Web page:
Leamington History Group member Alan Goldstraw has been researching the history of elephants in Leamington.
Alan gave a talk on the subject recently to the Senior Citizens Activity Group, of which he is a member, at the Spa Centre.
He said: “Elephants were brought to Leamington by Sam Lockhart, a world famous elephant trainer who was born in 1850. The son of a circus clown, Sam first trained as an acrobat before going to Ceylon where he was captivated by seeing elephants perform. He brought three elephants back to Leamington and trained them as a circus act with which he travelled the world.
“The elephants used to bathe near the Mill suspension bridge and if you walk down Priory Terrace you can see the slipway, the Elephant Walk, where they used to go down to the river.
“The original slipway was closer to the parish church, where the post office was built, but was moved after supposed complaints that the elephants made too much noise and disturbed church-goers on Sundays.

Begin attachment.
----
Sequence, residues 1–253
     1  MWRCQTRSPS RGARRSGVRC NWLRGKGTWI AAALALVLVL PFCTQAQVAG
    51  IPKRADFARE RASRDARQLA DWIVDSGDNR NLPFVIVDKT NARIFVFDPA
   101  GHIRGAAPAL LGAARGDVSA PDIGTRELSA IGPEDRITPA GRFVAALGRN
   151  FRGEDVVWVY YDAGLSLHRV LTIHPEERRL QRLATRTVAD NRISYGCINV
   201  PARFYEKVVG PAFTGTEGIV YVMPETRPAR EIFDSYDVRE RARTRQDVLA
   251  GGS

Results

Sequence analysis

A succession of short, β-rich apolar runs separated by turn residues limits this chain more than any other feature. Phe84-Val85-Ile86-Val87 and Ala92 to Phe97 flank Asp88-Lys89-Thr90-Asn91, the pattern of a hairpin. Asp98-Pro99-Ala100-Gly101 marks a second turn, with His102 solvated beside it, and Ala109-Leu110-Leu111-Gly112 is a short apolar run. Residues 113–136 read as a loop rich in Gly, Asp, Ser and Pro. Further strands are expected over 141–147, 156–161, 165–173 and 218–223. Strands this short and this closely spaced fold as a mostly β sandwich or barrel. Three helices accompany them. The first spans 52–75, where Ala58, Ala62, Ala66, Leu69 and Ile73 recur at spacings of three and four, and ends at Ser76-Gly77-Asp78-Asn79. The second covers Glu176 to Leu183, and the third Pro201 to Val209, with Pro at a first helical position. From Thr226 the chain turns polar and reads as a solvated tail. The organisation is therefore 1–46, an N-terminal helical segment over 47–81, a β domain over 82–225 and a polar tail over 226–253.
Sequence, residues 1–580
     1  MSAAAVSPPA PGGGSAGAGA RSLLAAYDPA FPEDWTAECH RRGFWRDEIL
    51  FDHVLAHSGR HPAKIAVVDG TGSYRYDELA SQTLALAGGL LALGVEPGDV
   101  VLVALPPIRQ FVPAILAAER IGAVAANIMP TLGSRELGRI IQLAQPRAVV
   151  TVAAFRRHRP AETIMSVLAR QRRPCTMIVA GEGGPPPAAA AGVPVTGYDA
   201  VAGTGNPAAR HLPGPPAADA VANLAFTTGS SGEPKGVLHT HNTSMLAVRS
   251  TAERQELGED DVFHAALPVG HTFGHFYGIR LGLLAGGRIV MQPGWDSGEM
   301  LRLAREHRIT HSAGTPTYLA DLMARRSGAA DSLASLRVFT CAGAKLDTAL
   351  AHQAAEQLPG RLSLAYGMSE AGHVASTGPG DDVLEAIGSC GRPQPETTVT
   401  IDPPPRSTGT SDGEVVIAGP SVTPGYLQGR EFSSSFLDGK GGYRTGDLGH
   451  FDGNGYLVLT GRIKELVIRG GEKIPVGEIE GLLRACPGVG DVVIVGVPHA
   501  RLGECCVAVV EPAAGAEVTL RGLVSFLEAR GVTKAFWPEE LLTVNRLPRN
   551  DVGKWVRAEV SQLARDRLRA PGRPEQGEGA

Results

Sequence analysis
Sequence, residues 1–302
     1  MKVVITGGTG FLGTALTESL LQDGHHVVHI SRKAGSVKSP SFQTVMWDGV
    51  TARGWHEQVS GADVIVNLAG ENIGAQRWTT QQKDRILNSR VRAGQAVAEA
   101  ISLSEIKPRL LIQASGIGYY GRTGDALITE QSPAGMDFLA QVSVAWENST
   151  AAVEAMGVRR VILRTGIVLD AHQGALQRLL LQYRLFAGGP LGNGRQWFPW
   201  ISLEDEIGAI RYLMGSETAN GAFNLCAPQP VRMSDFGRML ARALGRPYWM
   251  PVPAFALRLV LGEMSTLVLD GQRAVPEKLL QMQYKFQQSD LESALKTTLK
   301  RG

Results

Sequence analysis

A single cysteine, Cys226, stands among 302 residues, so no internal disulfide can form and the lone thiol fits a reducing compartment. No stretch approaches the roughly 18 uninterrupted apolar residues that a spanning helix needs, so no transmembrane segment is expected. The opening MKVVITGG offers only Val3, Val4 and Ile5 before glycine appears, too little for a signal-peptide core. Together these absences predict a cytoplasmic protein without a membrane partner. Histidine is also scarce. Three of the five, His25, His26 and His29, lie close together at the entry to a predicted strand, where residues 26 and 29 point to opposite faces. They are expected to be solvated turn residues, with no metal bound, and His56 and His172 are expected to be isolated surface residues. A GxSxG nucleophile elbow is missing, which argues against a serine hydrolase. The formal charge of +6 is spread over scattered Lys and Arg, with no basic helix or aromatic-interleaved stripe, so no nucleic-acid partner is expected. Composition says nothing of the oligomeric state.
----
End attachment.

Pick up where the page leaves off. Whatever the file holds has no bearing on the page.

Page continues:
“The circus was very popular from early days and several companies stayed for long periods, some wintering in the Spa. In 1835 Wombwells Circus found a site on undeveloped land at the bottom of Milverton Hill and in 1836 the Victoria Circus enjoyed a successful season pitched at the Jephson Gardens end of Euston Place.
“Circuses were so popular that a permanent building, circular and with a distinctive domed roof, was put up at the end of the Victoria Colonnade, on the site of the present Loft Theatre. If you go to the theatre you will see a circle on the floor where the centre of the Big Top was situated in 1849.”